In this study, and for the first time, we demonstrate the feasibility of this 1-step procedure comprising minimally invasive cell harvest and transapical delivery for the aortic valve position successfully replacing aortic valves in an ovine model. With the help of an improved catheter system allowing for orthotopic, aortic valve implantation, we were able to further develop and adapt this novel, clinically, highly relevant 1-step procedure for the high-pressure circulation. Our data indicate that BMMC-based TEHV can be successfully implanted into the aortic position exhibiting competent valve functionality and leaflet coaptation sufficiently withstanding the systemic pressure load, whereas any signs of valvular rupture, tear, or structural damage were absent.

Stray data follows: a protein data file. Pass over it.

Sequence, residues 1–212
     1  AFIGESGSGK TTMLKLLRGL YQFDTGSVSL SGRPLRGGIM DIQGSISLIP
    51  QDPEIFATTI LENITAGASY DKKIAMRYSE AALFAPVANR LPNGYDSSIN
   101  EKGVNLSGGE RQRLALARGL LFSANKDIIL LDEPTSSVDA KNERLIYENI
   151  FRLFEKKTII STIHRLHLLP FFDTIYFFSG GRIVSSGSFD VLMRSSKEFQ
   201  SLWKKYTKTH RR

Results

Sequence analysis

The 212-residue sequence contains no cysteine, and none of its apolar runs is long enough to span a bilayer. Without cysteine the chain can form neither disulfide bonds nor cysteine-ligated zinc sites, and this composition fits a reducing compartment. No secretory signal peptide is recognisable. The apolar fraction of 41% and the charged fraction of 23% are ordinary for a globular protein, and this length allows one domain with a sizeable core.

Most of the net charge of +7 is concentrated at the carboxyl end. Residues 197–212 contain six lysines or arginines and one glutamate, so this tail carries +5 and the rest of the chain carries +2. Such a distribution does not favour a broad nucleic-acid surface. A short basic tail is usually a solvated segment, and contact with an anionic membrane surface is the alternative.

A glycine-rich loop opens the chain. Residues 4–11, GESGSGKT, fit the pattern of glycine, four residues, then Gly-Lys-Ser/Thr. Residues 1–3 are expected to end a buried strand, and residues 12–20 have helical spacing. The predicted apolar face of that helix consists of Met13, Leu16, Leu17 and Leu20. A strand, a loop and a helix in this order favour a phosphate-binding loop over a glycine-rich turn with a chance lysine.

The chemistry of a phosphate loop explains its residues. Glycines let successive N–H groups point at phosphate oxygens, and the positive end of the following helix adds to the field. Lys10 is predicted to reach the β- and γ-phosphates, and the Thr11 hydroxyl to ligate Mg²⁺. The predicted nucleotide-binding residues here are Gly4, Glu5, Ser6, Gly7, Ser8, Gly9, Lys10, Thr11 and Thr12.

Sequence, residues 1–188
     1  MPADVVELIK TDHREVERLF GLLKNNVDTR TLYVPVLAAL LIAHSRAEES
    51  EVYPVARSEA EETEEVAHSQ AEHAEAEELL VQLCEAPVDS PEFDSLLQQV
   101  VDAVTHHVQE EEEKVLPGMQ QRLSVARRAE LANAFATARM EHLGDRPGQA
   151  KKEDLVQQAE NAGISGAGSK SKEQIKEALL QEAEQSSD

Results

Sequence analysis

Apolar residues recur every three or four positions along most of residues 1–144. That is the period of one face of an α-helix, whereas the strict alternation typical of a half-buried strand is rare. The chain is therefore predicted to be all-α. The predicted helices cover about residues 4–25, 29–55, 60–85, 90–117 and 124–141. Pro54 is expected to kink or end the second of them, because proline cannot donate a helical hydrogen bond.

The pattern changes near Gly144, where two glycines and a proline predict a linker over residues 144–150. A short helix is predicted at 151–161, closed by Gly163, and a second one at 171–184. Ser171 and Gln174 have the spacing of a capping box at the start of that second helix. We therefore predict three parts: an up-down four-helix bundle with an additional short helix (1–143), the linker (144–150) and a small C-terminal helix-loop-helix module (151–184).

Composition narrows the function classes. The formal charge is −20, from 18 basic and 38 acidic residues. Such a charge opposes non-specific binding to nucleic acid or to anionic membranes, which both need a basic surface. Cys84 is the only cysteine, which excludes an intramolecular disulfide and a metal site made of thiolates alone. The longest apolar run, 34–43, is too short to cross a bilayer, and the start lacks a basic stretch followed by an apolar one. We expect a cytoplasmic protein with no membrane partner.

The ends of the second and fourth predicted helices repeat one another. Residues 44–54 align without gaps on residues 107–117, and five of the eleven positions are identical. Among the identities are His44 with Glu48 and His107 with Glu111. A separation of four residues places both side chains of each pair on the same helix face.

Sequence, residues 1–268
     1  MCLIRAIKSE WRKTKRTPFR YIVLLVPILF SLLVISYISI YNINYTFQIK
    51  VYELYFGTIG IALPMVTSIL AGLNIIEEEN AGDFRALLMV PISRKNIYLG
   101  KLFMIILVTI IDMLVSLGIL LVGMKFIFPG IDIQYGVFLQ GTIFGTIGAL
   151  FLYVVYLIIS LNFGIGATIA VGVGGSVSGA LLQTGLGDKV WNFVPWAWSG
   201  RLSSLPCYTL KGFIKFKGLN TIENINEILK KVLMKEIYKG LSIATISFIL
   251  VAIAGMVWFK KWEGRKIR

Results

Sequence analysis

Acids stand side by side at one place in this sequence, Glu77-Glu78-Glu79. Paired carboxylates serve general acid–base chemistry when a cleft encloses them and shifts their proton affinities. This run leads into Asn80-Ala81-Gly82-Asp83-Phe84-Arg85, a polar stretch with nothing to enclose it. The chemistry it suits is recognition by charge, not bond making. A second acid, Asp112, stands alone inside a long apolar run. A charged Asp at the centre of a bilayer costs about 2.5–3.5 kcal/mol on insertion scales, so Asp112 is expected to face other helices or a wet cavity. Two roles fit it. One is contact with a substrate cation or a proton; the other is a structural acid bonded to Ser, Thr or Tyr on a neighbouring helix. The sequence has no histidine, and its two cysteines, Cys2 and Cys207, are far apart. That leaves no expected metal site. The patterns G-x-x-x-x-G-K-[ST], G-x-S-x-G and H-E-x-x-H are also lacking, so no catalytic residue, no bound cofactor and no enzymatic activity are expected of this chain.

Importantly, this study reveals that the TEHV fully accepted the systemic pressure responding with a high degree of early cellularization indicative for an active and extensive tissue formation and remodeling process. As previously described, sufficient hemodynamic loading appears to play a key role in tissue remodeling and formation and is a well-established mechanism (24). The histological findings of this study are supported by the interesting observation in our recent study that elucidated the crucial impact of sufficient hemodynamic loading on functional tissue remodeling in a nonhuman primate model. In contrast to orthotopically delivered TEHV fully excluding the native leaflets, TEHV that were implanted into the supravalvular position—not excluding the native leaflets and thereby being fully unloaded—lacked significant leaflet structure, being indicative for complete absence of tissue formation as well as BMMC-mediated remodeling processes (9).